Ear wax consists of secretions from the glands in the skin of the ear canal and the old skin (keratin). The ear canal skin has the unique property of moving sideways. The ear canal therefore cleans itself. For most people, therefore there is no need to clean their ear. The wax will migrate and fallout naturally. If the ear wax is visible it can be picked out with your finger. It is not recommended that you use cotton buds in an attempt to clean your ear. Although some wax might be removed with the cotton bud it’s likely that some has also been pushed deep into the ear canal. The old saying “nothing smaller than your elbow in your ear” applies.
Some people do have abnormal ear canal skin or their ear canal is very small which can lead to the wax becoming impacted. This can cause problems with hearing loss / blocked feeling in the ear. It may therefore be necessary to do something to prevent or treat this ear wax impaction.
Options to deal with this include:
- Ear drops. There are many types of ear drops for wax. Some are water-based (e.g. bicarbonate ear drops); others are oily based (e.g. olive oil drops). It is commonly not recognised that ear wax dissolves better in water than in oil. Oily drops can still soften the wax which can help the removal of ear wax. Bicarbonate ear drops are fairly effective at dispersing wax and have the added advantage that if there is a perforated eardrum behind the blocked wax there is no known risk of damage to the inner ear. This is not the case for oily based drops where there is some risk of damage to the inner ear if the drops get in through a perforation. The water-based drops can on occasions, however, cause some irritation or even an infection. Ear drops can also be used to soften the wax prior to syringing. One way to prevent buildup of ear wax is to use a generous amount of bicarbonate ear drops (10 to 20 drops) twice a day (leave in place for 5 to 10 minutes) for 2 to 3 days once a month, the idea being that the bicarbonate ear drops can get past the wax and help disperse it completely. Once the ear is almost completely blocked with ear wax the bicarbonate ear drops are not as effective. This is because the bicarbonate ear drops causes the ear wax to swell blocking the canal off completely.
- Ear syringing. Self-irrigation is possible with over the counter preparations. See here and here. Traditional syringing is usually carried out by a professional e.g. a nurse. This is a traditional method of removing ear wax. It is usually carried out at the GP practice by a practice nurse. It involves squirting water into the external ear canal which then dissolves/rinses the ear wax. It is generally safe but there are potential problems. If there is a perforated eardrum then syringing should not be carried out. In addition if the eardrum has been previously operated on or is weak due to a healed perforation then syringing is also not appropriate. Even in normal ears there is a slight risk of causing infection or damage to the eardrum. It helps if some ear drops (e.g. bicarbonate ear drops 5 to 6 drops 3 times a day for 3 days) are used for a few days prior to syringing to soften the ear wax. This makes the syringing easier.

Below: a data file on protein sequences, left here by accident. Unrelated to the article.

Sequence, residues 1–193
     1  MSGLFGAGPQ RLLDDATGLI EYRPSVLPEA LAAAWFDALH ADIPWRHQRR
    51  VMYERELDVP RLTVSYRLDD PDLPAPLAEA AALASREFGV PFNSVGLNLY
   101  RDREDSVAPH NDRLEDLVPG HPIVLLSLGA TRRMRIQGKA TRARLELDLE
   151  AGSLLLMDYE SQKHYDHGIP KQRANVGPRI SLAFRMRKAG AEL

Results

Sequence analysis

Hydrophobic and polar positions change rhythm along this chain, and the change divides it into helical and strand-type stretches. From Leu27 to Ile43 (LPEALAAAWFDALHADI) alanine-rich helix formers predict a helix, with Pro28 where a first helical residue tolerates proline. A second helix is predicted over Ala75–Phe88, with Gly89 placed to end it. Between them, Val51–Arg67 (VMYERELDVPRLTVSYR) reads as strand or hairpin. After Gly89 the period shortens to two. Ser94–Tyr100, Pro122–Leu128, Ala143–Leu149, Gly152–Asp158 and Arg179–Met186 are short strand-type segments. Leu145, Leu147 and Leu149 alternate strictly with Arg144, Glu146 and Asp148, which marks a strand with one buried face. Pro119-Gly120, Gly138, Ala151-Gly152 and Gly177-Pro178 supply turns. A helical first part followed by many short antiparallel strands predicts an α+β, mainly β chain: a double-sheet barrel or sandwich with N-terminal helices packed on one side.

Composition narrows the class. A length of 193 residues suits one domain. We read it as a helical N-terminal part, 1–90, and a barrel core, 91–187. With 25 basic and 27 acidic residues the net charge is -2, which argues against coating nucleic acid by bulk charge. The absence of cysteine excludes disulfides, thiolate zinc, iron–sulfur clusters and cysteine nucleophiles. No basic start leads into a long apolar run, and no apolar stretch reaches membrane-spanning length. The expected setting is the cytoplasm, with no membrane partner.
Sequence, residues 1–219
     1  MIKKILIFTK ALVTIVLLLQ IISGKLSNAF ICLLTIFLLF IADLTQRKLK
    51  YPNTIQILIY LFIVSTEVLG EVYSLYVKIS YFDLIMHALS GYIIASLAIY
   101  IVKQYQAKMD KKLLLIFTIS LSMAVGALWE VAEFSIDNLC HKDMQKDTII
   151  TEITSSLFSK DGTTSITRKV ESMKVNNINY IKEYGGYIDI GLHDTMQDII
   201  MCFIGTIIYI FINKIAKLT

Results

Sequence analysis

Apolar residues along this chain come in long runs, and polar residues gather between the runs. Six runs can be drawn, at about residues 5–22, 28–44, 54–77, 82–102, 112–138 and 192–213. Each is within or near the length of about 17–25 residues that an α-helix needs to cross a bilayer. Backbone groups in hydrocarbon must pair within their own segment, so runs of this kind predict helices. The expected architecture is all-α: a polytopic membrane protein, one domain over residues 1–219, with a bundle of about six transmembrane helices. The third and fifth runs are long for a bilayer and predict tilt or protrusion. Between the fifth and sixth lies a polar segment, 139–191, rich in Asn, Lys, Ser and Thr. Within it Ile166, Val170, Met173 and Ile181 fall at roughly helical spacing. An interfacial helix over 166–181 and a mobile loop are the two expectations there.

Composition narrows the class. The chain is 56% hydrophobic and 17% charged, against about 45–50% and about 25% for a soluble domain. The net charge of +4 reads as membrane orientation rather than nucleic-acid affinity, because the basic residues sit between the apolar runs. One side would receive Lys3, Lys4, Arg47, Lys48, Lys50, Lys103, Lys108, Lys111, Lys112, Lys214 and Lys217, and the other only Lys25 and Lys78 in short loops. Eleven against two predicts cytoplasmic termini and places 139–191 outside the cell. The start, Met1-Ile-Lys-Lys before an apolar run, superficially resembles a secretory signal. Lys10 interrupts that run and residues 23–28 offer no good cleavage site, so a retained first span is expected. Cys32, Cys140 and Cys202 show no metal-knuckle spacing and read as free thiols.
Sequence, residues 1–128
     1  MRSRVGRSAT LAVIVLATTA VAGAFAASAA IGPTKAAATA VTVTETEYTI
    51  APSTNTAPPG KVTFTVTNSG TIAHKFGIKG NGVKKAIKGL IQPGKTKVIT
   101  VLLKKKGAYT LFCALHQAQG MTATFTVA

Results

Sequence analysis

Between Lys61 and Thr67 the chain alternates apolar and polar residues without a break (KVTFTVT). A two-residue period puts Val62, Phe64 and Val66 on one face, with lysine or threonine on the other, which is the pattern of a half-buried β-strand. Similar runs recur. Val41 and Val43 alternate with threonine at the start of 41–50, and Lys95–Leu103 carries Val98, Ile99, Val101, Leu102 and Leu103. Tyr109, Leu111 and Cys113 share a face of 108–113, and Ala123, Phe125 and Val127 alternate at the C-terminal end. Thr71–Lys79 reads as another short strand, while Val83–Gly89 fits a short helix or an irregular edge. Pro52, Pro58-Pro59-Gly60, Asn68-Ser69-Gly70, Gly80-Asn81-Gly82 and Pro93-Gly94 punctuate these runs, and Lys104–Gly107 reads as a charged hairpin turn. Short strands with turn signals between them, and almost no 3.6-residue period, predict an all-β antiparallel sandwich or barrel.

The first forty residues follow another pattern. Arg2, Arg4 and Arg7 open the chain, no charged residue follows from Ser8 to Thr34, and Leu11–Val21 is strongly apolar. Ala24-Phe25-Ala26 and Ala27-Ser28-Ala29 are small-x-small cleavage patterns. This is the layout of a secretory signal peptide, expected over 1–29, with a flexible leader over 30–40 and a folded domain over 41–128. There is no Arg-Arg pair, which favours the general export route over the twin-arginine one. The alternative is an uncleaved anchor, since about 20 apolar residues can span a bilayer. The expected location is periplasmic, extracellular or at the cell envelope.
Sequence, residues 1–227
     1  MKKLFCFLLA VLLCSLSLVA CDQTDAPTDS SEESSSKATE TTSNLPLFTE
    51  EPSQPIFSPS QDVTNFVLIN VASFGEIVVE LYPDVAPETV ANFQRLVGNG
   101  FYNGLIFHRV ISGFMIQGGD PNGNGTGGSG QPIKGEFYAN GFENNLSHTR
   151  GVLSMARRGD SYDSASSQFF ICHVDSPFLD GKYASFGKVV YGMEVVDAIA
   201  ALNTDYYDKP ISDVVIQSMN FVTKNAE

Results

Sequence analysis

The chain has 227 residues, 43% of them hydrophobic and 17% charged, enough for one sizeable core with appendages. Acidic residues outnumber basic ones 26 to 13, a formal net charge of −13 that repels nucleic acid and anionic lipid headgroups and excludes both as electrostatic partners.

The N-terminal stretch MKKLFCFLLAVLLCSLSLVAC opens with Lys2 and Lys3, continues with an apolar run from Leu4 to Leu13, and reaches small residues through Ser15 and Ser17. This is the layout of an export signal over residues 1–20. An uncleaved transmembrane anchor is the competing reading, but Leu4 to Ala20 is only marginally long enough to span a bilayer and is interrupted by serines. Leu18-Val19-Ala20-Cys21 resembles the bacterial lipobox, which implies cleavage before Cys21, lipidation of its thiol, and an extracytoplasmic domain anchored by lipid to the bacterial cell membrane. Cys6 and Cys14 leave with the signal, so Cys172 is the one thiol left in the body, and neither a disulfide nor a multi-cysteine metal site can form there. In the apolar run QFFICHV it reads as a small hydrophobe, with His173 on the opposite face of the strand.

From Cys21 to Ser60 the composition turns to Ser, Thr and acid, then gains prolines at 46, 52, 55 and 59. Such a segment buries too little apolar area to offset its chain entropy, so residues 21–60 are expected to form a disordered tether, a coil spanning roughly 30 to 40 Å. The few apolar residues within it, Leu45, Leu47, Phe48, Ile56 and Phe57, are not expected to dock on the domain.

- Microsuction. This is a technique which involves using a suction machine and microscope or endoscope to remove the wax under direct vision using a small suction tube. It is carried out by ENT doctors, audiologist or nurse practitioners. It has the advantage of being suitable for cases who have previously had damage to their eardrum or perforations as the technique does not involve squirting any water into the ear. It’s can be a noisy procedure and on occasions the ear canal skin may be scratched. There is a very small chance of damage to the eardrum and some patients have complained of tinnitus or even hearing loss after the procedure. As with syringing softening the wax with bicarbonate eardrops can make the procedure easier. Microsuction is available at some GP practices, hospital and via online providers e.g. clearwax. Mr Rejali is director of clearwax and provides training for clearwax practitioners.